The following is an excerpt of the eight projects which is discussed in much greater detail in the paper, a revised version of which will be published in the Pluralist, vol. 5, no. 2 (Summer 2010):
Eric Schwitzgebel, one of our contributors, is having problems registering for a WordPress ID, so he has asked me to post this podcast of a lecture that he presented on the Mencius-Xunzi human nature debate. It is also cross-posted over at his blog The Splintered Mind:
Podcast of “An Empirical Perspective on the Mencius-Xunzi Debate about Human Nature”
… given to the Confucius Institute of Scotland on Jan. 19, available for listening or download here.
Continue reading “Empirical Perspective on Mencius-Xunzi Debate”
So, among other things, I’m working on a longish paper on aesthetic value and its fusion in early China with what we would consider to be moral value. There are portions of this I’ll be presenting in Hong Kong next week (“Aesthetic Pleasure as Early Confucian Happiness”) and at the end of March at the Pacific APA meeting in San Francisco (“Gentlemen Prefer Bronze: Aesthetic Sensibility as Moral Sense in the Analects“). This is part of my discussion on Xunzi (which I will not be presenting anywhere), that aims for an aesthetic-value consequentialism reading:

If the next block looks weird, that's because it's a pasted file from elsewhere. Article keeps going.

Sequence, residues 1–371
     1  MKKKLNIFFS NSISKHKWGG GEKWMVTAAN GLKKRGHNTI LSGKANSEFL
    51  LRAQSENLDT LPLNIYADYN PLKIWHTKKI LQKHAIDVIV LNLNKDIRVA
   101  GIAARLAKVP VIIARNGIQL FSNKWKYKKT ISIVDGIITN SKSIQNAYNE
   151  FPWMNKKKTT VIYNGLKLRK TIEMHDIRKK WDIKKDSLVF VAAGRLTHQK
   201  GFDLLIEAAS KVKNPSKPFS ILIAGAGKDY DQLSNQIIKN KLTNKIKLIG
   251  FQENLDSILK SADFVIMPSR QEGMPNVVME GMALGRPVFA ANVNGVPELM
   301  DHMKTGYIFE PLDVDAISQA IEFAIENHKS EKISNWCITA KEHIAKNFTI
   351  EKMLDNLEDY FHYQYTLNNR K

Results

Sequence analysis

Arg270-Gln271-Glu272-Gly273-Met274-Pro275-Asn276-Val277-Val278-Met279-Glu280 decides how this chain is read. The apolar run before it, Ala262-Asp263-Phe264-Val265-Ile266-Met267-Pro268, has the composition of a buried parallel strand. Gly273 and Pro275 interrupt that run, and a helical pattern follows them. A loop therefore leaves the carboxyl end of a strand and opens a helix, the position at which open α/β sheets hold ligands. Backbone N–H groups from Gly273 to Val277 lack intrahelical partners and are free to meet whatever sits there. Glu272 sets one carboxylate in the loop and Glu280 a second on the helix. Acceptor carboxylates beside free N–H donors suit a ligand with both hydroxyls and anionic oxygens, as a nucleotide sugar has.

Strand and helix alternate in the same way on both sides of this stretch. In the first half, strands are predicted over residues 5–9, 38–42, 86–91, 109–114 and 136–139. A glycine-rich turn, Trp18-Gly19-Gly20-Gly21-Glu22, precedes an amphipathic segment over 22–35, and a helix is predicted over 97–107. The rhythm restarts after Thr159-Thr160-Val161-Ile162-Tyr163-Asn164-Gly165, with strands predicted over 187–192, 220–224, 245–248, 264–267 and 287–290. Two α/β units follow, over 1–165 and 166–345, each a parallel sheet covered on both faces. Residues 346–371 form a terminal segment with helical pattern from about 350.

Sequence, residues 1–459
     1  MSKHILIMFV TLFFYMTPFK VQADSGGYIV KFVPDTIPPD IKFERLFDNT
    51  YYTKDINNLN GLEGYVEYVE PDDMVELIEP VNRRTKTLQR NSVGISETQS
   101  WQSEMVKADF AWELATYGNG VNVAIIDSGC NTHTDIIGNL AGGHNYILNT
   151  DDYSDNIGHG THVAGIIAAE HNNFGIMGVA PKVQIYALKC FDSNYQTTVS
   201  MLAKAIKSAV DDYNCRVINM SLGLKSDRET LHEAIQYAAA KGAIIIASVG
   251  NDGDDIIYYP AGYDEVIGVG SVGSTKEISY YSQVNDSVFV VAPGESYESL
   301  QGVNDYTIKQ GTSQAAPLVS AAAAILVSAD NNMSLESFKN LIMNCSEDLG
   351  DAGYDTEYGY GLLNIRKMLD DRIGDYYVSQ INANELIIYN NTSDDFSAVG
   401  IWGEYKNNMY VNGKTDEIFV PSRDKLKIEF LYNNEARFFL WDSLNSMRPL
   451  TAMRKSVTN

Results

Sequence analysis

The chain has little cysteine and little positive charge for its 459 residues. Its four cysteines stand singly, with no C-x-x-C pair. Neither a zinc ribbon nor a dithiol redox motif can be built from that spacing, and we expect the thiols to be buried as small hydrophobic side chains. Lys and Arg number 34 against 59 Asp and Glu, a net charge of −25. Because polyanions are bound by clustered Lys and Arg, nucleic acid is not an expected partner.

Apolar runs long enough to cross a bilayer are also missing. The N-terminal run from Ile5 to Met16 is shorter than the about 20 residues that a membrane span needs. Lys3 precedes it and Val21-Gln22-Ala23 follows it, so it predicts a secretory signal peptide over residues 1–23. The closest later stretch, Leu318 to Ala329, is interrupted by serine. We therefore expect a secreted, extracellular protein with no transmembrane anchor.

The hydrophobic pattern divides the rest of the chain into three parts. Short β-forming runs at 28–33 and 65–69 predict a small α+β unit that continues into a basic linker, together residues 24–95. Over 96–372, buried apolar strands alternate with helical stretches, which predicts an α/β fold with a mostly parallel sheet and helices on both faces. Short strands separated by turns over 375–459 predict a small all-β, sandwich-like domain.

What ties together much of Xunzi’s work is his emphasis on the transformative effects of education and self-cultivation, largely through the poetry, music, and rituals of Confucian life, incorporating traditional texts, forms, and activities. This is the backbone of Xunzi’s thought. In education and self-cultivation, it is the refined and noble quality of a person’s demeanor, inner psychological state, and activity that justifies the program of education and regimen of self-cultivation. The knowledge contained in the Zhou-derived rituals, music, odes, historical documents and records, according to Xunzi, enters the heart, disperses throughout the body, and is manifested both in activity and in rest (Xunzi 1). Continue reading “Xunzi and the Aesthetic-Moral Value Fusion”
Some while ago (1999) I tried to argue that Mencius didn’t really believe in proactive moral cultivation because he thought of human nature as already possessing the directional force toward goodness. The only thing a ruler need do is to provide minimally stable political and economic conditions. Then, if people do not interfere with their own development or with the development of others, then everything will turn out fine, with mulberry trees growing in their seasons, the elderly not having to sweat in the fields, children being filial, etc. That puts Mencius more in line with the Daodejing’s political stance than people usually think, though of course he isn’t entirely for the rustic utopia the latter suggests.
Let me suggest here that if that isn’t Mencius’s view, then it is actually very difficult to justify Xunzi’s vehement opposition to Mencius. The view that most of us were taught to believe is that Mencius thinks humans have nascent capacity for goodness that then needs to be cultivated through education and moral training; then at the end of that process they may end up as good subjects, advisors, or the ruler. For convenience, let’s call that the “moral-training” reading of Mencius. The thing that strikes me as problematic here is that if this is indeed Mencius’s view, then there’s really no difference between it and Xunzi’s views of the matter. Or, perhaps I should say instead, either Mencius has a view that is different from Xunzi’s or Xunzi didn’t realize that his view doesn’t really differ from Mencius’s.